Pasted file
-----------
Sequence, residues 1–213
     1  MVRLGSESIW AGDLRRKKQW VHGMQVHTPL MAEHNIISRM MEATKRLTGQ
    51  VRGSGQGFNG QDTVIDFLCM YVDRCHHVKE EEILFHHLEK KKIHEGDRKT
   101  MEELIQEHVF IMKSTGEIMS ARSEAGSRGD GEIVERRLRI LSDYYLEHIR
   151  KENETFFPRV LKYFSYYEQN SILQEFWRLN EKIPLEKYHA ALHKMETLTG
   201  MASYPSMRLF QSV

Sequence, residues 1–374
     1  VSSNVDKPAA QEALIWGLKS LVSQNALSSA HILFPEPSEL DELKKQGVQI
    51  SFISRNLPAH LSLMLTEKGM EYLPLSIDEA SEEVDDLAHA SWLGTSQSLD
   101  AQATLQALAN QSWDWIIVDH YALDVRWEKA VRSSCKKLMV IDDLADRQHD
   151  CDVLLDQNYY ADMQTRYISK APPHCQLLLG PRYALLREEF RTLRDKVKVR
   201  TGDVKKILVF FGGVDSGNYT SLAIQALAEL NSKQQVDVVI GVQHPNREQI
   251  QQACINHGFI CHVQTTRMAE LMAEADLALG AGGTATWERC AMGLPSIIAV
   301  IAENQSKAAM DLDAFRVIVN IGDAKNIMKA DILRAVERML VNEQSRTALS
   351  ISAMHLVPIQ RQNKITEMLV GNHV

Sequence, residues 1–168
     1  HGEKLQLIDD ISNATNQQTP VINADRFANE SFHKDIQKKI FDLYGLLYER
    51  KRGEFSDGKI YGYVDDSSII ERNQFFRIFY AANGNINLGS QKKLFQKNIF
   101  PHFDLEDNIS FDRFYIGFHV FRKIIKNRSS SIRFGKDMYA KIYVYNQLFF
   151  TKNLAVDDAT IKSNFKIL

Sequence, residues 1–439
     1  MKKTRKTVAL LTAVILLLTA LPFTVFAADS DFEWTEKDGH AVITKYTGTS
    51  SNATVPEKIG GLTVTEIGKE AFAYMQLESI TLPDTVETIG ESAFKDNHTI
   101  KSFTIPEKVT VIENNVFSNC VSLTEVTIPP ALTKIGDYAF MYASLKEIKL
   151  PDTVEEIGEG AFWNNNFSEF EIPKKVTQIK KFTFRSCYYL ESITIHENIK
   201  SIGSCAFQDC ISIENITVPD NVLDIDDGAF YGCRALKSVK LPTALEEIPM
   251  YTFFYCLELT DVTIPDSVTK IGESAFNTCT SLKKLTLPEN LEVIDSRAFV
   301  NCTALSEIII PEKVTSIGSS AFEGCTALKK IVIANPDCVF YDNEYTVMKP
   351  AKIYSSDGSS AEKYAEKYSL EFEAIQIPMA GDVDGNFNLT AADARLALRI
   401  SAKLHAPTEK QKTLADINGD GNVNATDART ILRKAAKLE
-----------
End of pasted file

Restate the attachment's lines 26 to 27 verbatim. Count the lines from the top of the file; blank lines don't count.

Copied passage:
   201  SIGSCAFQDC ISIENITVPD NVLDIDDGAF YGCRALKSVK LPTALEEIPM
   251  YTFFYCLELT DVTIPDSVTK IGESAFNTCT SLKKLTLPEN LEVIDSRAFV